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Soweto: The Soul of South Africa
Soweto was established as a black township - urban residential area - outside Johannesburg in 1904. It started life as the small settlement known as Klipspruit but has since grown into one of the most vibrant and exciting communities in the whole of South Africa.

Soweto or, to give it its full name, South Western Townships, is well known as being the heart of South African black culture, and it is now home to over a million people. The township played an important role in the struggle against Apartheid by being the stage upon which the 1976 Anti-Afrikaans Student Uprisings played out and its sons include many South African political greats such as Nelson Mandela and Desmond Tutu.

Soweto or, to give it its full name, South Western Townships, is well known as being the heart of South African black culture, and it is now home to over a million people. The township played an important role in the struggle against Apartheid by being the stage upon which the 1976 Anti-Afrikaans Student Uprisings played out and its sons include many South African political greats such as Nelson Mandela and Desmond Tutu.

Soweto embodies all of the contrasts that make up South Africa and is a place where spotless middle class neighborhoods exist side by side with unkempt shack-filled informal settlements. It is the perfect district for a tourist to visit if they want to gain an understanding of the country's soul and anyone who goes there must make time to visit the both the Hector Pieterson Memorial and Museum, which is situated in Orlando Park only two blocks from where the boy was killed during the Uprisings, and the nearby Mandela House Museum.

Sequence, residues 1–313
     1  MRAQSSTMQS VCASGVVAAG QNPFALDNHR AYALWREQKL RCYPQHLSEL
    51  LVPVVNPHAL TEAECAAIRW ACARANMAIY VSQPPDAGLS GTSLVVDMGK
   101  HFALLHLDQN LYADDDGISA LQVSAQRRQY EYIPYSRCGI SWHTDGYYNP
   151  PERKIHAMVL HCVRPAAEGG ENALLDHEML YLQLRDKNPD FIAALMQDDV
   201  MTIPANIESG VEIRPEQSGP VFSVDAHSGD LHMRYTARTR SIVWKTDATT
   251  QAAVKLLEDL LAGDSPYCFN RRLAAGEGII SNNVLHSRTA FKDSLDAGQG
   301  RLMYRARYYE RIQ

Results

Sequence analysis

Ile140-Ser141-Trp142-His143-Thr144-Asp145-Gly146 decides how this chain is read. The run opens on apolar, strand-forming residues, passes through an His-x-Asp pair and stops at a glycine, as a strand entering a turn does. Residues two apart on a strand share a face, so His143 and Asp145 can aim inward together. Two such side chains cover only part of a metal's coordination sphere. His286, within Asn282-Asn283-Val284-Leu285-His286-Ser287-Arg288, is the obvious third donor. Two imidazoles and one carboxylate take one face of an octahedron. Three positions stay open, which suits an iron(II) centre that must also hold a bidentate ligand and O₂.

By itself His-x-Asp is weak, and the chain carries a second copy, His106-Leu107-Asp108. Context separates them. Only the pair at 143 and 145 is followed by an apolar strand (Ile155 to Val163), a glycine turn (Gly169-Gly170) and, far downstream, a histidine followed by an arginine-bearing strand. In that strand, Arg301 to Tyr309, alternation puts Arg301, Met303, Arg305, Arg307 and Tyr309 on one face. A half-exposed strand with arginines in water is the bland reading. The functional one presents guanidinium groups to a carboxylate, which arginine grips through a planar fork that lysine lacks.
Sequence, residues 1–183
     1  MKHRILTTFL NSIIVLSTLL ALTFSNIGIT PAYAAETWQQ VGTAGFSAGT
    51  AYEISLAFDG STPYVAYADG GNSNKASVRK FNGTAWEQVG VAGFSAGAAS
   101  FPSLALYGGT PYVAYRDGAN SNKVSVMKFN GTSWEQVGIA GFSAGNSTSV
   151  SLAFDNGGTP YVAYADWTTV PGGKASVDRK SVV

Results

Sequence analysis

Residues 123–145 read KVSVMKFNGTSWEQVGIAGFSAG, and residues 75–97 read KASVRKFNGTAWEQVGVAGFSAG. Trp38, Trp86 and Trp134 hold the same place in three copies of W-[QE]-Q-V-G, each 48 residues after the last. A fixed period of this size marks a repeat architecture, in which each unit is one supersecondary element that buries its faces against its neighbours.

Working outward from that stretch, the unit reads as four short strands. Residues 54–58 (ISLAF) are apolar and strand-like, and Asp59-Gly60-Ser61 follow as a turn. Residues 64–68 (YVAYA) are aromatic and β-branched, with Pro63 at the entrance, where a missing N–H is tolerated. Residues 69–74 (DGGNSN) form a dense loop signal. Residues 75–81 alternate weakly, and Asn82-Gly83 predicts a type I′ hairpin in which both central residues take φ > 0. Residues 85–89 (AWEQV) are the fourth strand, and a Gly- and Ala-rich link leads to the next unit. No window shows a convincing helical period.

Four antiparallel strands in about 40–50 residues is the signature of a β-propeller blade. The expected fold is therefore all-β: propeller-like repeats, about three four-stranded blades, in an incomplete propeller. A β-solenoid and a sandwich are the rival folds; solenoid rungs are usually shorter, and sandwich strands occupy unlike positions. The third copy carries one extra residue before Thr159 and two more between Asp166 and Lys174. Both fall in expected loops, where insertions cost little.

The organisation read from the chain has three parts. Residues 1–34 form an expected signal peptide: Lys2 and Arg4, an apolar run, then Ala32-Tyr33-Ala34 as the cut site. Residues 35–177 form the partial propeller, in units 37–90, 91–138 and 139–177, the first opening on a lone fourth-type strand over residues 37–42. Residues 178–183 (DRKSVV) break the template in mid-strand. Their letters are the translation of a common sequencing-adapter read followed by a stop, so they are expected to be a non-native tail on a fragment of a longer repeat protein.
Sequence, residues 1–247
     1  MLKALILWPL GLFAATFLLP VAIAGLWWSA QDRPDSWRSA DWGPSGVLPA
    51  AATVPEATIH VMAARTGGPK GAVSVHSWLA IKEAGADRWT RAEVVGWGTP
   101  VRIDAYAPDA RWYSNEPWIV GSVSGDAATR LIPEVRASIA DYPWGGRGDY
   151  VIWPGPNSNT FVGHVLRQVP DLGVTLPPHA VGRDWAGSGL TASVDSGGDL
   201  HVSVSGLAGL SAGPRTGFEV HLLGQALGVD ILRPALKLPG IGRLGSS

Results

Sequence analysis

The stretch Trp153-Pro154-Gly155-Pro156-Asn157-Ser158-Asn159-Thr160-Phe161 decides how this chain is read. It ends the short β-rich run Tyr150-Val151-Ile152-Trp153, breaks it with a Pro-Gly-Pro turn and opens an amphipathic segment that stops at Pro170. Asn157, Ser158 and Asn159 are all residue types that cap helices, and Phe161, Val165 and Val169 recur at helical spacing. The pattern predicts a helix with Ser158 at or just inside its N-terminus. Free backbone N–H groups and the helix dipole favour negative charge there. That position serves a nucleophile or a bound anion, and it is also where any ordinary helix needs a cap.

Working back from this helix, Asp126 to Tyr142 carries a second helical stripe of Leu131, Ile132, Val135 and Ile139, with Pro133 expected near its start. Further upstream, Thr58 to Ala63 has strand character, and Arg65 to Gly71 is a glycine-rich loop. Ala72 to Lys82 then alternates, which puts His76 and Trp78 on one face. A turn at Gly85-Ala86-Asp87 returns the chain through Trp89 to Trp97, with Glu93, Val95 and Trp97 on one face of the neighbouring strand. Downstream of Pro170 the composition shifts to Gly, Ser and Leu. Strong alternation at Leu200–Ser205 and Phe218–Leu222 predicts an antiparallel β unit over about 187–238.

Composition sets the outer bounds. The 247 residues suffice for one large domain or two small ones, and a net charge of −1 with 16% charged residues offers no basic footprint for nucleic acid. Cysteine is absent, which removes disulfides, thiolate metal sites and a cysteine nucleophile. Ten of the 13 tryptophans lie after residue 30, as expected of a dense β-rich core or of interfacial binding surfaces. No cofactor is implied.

The latter museum is run by the Soweto Heritage Trust and was designated a National Heritage Site in 1999. The tiny red-brick house, number 8115, can be found at the intersection of Ngakane and Vilakazi Streets in Orlando West and was where Mandela lived with his family from 1946 through 1962. It was also the house that he came home to after being released from prison in 1990 and was where he uttered his famous words, "I have come home at last."

There is a lot more to Soweto than museums and memorials, however, and those who would like to taste the suburb's pulsating nightlife should visit a shebeen - the popular informal pubs that have defied all attempts to close them - or one of the local restaurants that cater specifically to the tourist trade by offering traditional South African food and entertainment experiences. There are also many accommodation options in the area, including guest houses, Bed & Breakfasts, self-catering units and hotels.

Soweto may stand in the shadow of its more well known big brother, Johannesburg, but it is a captivating and enthralling city in its own right.

 
Accommodation nearby
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Guest House in Soweto
1199 Phase 3, Diepkloof Extension
Johannesburg
This upmarket guesthouse based in Diepkloof, Soweto will ensure a friendly homely atmosphere...
From / night
250 ZAR
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